ARTICULATION, MAJOR, and CERTIFICATION INFORMATION

Associate Degree:Effective:Inactive:
 Area:
 
CSU GE:Transfer Area Effective:Inactive:
 
IGETC:Transfer Area Effective:Inactive:
 
CSU Transfer:Effective:Inactive:
 
UC Transfer:Effective:Inactive:
 
C-ID:

Certificate/Major Applicable: Not Certificate/Major Applicable



COURSE CONTENT

Student Learning Outcomes:
Upon completion of the course, students will be able to:
Untitled document
1. Analyze readings of various lengths and complexity in terms of rhetorical method.
2. Summarize and synthesize ideas from a range of college-level readings.
3. Compose logically developed and organized analytical and argumentative essays with clear point of view and thesis.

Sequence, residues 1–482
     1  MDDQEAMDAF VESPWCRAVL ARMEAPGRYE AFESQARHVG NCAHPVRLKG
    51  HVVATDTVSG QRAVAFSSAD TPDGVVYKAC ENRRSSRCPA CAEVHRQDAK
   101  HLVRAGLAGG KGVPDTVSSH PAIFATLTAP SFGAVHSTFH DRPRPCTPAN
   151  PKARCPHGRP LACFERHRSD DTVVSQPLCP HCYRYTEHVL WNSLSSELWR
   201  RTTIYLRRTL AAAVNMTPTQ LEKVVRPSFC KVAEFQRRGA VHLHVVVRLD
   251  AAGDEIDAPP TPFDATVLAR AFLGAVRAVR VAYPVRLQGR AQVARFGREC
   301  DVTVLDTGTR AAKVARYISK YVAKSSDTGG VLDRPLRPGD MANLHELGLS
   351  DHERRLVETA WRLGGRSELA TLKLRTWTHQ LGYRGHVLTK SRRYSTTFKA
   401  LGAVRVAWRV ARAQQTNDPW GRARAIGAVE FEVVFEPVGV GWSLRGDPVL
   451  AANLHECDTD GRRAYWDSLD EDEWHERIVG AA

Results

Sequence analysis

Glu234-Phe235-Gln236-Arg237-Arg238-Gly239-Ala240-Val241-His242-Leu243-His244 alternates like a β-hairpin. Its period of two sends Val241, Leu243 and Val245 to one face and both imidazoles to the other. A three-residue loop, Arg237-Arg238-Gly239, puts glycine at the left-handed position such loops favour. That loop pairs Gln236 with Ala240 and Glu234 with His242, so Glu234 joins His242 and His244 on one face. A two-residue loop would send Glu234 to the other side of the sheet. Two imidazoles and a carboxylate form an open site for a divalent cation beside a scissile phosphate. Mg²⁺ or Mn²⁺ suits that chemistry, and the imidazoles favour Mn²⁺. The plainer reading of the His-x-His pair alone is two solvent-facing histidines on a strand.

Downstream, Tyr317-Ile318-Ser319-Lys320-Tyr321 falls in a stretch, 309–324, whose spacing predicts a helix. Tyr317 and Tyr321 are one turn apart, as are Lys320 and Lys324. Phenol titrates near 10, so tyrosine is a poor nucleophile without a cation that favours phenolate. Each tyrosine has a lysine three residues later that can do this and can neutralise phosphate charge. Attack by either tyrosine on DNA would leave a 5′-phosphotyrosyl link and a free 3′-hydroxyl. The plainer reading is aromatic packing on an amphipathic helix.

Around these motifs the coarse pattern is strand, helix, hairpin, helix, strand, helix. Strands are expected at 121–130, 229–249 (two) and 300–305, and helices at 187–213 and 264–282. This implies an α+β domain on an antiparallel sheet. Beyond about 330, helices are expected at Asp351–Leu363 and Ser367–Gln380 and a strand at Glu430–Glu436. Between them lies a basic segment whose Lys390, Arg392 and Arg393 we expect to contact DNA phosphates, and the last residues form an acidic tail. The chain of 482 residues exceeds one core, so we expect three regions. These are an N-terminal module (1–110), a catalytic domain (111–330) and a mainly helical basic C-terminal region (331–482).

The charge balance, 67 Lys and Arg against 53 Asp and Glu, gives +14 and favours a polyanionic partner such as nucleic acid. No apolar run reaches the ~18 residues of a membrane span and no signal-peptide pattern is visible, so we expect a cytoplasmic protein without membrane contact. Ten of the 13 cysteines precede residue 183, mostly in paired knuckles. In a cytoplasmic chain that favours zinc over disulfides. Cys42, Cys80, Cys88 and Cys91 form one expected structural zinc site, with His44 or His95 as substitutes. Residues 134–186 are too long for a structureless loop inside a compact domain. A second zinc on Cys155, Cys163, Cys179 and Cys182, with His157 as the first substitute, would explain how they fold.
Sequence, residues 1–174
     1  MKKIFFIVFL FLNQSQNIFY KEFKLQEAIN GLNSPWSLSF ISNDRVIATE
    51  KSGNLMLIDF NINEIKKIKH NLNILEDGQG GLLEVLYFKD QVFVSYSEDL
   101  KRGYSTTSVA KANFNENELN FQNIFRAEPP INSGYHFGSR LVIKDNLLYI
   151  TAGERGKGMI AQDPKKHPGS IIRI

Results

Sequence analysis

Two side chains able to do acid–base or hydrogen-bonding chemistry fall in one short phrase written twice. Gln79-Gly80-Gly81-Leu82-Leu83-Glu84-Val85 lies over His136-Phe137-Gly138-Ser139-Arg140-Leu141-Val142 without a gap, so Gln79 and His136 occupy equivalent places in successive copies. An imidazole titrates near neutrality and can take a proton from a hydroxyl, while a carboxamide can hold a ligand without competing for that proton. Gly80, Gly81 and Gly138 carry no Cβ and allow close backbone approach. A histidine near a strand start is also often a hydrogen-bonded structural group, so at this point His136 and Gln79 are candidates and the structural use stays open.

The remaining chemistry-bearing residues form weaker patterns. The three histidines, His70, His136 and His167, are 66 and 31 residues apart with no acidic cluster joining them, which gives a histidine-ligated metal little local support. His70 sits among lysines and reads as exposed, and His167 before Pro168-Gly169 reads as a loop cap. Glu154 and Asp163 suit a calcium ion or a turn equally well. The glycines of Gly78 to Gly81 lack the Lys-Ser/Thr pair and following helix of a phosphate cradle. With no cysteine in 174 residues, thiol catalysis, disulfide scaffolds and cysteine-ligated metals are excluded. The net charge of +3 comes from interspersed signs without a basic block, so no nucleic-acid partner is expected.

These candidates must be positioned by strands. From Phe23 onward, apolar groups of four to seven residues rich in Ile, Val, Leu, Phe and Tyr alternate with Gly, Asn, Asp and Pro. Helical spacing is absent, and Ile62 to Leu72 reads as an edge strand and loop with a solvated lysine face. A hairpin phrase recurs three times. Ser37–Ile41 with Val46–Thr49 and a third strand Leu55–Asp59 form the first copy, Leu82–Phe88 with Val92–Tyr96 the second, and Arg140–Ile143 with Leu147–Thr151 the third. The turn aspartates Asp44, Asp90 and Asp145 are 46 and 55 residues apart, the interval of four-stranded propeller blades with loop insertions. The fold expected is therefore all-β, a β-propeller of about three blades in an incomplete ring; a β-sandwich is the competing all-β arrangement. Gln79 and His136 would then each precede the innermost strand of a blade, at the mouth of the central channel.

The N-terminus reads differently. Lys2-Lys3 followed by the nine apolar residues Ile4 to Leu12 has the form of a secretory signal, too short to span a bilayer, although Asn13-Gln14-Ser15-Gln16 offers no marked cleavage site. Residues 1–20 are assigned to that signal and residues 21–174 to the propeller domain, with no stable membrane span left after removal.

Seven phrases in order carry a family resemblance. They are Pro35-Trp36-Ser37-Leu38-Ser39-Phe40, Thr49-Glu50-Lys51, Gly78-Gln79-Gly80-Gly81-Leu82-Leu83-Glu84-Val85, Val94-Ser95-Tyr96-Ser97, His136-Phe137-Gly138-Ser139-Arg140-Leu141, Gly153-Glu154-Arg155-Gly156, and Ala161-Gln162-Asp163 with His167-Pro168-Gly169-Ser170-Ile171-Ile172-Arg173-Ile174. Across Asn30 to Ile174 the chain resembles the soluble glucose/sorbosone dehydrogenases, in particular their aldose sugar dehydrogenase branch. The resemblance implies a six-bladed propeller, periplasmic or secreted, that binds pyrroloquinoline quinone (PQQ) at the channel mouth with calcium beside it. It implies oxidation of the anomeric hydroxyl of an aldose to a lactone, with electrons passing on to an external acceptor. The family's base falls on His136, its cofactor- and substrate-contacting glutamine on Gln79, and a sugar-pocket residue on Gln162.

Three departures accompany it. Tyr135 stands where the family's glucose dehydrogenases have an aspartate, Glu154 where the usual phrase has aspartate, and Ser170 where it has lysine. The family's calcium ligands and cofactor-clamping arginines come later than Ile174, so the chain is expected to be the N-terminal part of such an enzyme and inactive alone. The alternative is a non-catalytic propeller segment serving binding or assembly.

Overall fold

4. Revise, edit, and proofread essays and other writing with particular attention to syntax, sentence structure, grammar, punctuation, and formatting.
5. Read, analyze, and evaluate research source materials and document them in written assignments in MLA style.
 

Objectives: Untitled document
Students will be able to:
READING
1. Identify  the use of stylistic features in readings.
2. Analyze and evaluate the use of causal analysis, persuasion, and argumentation in readings.
3. Summarize readings of various lengths and complexity.
4. Synthesize meaning, using a variety of comprehension techniques to improve college-level
     reading skills.
 
WRITING
1. Write a minimum of 4,000 words of expository prose, including some writings